It's been a tough couple of weeks for me personally where I've began to question everything I'm doing, especially in light of all the negative media coverage that is surrounding Down's syndrome at the moment.
Life isn't easy for any of us at the best of times and weeks like this have taught me to accept that I won't be on top of everything all the time. For all the positivity I write about Rosie I am no exception to showing a bit of emotion now and then from the stresses and strains of trying to continue raising awareness. I found myself taking ten minutes out of work last week as I felt a 'wobble' on the horizon. I sat in the toilet, closed the door and (alpha males look away now)...blubbed like a baby, in truth it's been a long time coming. I know life isn't always 'Rosie' and I have to learn to allow myself these wobbles without feeling too guilty. Everytime I pulled myself together I visualised Rosie's face smiling at me like she does when I get home from work and it just set me off again.
I don't worry too much about Rosie herself (outside of the norm for any father and their daughter) or even wonder what might have been had she not had DS – my stresses and occasional tears are induced solely by the feeling of (for want of a better expression) 'pissing in the wind' in the fight to change perceptions. A fantastic blog post, "A mosquito in the room" reflecting many of my recent thoughts, only in a more eloquent way from Hayley at Downs Side Up was just the war cry I needed to get back up, dust off and carry on.
I also received a wonderful anonymous comment from a grandparent on the Rosie's Surgery page just at the right moment to confirm why I need to continue. Anonymous if you are reading this my thoughts will be with your Son, his wife and little Elsie Mae on 24th.
Thank you to my ever supportive wife and rock Karen, Downs Side Up and 'Anonymous' for helping me out of this mini dip, I shall push on and continue to try and help the growing number of passionate parents out there fighting to change misconceptions forever and to drown out the weak, often illiterate but hurtful voice of the 'trolls' we find at almost every corner.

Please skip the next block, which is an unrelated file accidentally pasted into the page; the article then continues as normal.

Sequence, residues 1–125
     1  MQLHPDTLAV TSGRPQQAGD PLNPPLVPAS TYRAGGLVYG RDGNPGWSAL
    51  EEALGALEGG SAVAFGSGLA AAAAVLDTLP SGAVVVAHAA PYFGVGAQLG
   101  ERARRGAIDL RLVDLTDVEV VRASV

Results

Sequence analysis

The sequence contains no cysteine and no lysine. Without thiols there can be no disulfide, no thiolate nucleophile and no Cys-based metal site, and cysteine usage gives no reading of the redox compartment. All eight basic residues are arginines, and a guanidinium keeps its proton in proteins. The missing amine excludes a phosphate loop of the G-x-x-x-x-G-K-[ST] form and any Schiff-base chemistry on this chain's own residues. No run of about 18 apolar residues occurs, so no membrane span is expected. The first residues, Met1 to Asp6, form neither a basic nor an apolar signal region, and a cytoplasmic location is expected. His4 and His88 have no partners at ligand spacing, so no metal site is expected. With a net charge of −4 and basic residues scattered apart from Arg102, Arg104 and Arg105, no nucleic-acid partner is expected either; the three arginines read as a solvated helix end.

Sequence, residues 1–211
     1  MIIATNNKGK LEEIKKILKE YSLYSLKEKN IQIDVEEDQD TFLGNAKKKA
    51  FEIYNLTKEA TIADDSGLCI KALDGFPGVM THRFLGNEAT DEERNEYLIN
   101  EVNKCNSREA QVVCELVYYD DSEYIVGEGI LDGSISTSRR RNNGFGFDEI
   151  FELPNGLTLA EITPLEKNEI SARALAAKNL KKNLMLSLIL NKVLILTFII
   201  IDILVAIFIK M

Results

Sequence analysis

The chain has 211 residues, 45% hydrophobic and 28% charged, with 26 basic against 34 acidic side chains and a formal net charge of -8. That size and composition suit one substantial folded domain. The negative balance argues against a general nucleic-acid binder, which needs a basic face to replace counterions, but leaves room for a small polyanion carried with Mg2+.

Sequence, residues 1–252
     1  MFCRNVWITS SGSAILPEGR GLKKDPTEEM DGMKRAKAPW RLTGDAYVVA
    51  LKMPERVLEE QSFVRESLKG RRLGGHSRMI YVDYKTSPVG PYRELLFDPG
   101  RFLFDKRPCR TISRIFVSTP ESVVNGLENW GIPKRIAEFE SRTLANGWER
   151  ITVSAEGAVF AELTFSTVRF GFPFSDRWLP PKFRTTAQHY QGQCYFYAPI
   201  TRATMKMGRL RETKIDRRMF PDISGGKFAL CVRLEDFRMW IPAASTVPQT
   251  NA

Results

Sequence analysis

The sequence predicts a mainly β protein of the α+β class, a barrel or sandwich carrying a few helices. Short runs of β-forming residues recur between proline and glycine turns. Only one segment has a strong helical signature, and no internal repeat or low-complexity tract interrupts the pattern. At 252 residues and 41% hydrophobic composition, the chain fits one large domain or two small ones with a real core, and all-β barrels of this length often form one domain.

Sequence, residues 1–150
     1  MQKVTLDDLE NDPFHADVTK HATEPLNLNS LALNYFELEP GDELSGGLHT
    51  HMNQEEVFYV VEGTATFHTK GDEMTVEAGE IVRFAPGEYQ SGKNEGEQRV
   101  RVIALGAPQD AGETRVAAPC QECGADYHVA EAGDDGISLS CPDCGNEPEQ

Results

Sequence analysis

Wow, I feel so much better for that – if you're still reading this and haven't given up then thank you for listening!
Wednesday 19th September will see the one year anniversary of Rosie's heart surgery, oddly enough I feel more emotional about it now than I did last year – I'm guessing that's down to riding the wave and getting on with it at the time, but now almost one year on I can sit and reflect without the health worries to appreciate the magnitude of what little Rosie went through. As time goes on the surgery date will probably become like wedding anniversary's... some I'll remember some I'll likely forget! This one however is an important one on many levels – to celebrate the life that was saved that day but also to revisit the emotions with Karen – even let go if we need to as that wasn't so easy to do at the time whilst we attempted to remain strong for each other, the boys (and Rosie). It's my hope that after Wednesday I can finally put some closure on that chapter of Rosie's life and finally move on. If it is of interest (and you haven't already done so) you can read about my experience of Rosie's surgery by clicking HERE.
In the mean time I'll leave you with my favourite picture of Rosie which hopefully illustrates exactly why the fight for acceptance must go on – she is so darn cute it almost hurts! The picture has had an amazing response across internet communities with a worldwide reach. I hope you like too!
I also include a Johnny Cash rendition of the Tom Petty classic I won't back down which is lyrical perfection for my current state of mind.
Normal more positive service shall resume with the next post I promise :)